Following on from that, Rebecca believes it’s important to be flexible because interior design is an organic process. For example ‘you might plan a new carpet and then find beautiful floor boards under the old one – don’t be afraid to polish the boards, buy a rug and change the plan!” There is a great example of this on the Georgia Victoria website – a client renovating a Victorian bathroom grew to love their original figured rolled glass window par and decided to keep it rather than replace it with modern frosted glass.



Rebecca herself loves Victorian interiors, because there is always something to look at, and one dream project would be to renovate a complete Victorian townhouse from top to bottom for a client who wants an interior ‘full of silk and drama”. But what about her own dream? A bothy! It would be a retreat away from modern city life and electricity; a calm, serene space to connect with nature. And it’s not surprising that she dreams of something simple – the last year has been very busy for Georgia Victoria. The client list is growing (both private and corporate clients) and exciting projects for the future include fitting out a horse-drawn carriage!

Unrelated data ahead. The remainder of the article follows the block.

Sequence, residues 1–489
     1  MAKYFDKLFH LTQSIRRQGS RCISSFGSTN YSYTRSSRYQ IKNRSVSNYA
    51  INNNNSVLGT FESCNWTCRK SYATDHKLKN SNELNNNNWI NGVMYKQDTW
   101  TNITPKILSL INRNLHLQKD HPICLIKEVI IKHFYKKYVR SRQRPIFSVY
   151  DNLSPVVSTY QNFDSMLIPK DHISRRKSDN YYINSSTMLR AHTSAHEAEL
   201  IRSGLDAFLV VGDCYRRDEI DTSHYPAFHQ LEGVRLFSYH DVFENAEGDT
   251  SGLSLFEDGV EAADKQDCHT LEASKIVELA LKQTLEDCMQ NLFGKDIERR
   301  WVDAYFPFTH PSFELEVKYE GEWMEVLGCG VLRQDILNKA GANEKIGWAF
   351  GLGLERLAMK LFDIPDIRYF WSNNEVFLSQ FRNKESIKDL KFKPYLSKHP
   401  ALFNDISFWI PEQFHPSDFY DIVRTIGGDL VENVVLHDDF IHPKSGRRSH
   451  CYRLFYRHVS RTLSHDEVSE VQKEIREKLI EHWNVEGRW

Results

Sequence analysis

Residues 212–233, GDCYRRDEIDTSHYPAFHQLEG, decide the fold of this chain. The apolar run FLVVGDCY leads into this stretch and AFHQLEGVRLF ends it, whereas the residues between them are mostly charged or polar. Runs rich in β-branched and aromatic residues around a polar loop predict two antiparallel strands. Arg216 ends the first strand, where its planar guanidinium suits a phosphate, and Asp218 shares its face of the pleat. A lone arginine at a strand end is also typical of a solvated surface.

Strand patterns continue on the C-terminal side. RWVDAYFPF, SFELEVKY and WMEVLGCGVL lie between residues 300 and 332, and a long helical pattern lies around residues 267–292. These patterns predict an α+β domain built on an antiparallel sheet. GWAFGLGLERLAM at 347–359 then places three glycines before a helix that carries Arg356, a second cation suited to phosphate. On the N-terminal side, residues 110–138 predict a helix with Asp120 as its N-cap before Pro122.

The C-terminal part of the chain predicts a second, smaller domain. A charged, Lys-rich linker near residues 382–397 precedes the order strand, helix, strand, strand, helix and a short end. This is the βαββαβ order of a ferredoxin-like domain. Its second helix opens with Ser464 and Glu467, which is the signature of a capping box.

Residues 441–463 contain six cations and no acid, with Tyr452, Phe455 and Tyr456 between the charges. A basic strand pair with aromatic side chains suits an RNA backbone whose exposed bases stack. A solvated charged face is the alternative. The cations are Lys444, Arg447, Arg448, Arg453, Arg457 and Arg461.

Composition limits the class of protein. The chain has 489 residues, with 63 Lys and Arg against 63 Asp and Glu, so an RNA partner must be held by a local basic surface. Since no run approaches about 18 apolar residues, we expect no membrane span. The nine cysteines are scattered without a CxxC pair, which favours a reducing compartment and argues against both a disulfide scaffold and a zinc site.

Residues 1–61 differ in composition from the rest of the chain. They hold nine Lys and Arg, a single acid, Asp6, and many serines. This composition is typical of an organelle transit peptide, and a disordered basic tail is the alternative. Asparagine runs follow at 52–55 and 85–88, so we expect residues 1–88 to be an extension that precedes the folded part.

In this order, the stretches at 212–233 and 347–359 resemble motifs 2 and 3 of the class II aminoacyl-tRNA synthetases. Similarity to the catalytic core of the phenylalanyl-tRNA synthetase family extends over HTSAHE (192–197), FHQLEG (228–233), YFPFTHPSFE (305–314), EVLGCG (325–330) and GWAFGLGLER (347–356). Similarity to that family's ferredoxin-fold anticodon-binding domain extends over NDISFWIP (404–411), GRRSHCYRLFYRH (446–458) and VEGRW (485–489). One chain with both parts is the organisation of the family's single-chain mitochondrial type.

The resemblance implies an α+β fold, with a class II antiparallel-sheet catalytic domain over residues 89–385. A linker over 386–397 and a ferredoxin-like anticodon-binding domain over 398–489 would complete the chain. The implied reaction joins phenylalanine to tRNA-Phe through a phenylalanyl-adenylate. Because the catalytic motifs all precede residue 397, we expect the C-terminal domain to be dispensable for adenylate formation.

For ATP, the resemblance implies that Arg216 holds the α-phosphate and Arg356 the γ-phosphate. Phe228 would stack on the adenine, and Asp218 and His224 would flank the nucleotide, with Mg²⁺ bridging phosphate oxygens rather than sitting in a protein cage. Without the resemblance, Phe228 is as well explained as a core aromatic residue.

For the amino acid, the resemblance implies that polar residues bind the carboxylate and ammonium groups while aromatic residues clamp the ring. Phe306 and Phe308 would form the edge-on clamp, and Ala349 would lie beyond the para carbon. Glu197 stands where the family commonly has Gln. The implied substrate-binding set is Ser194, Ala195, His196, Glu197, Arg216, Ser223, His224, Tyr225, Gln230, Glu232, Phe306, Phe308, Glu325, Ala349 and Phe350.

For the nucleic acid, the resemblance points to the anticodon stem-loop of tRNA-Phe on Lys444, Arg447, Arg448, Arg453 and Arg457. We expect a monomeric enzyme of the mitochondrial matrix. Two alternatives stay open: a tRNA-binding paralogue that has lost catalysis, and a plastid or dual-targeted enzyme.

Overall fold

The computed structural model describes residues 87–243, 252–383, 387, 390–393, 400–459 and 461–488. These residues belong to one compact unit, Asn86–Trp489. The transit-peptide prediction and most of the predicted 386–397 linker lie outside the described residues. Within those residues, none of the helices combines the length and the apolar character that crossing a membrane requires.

So what interior design trends should we all be looking out for in the coming year? The three Ps – pastels, patterns and plants. Rebecca thinks that all the grey interiors that were so popular a few years ago will now need a refresh and that pastels are the perfect way to achieve this. In a similar vein, as we get bored with blocks of colour we will turn towards bold, patterned fabrics (check out the Georgia Victoria Facebook page for ‘Fabric of the Week’ recommendations). And plants, because as Rebecca says “Everybody needs more plants!”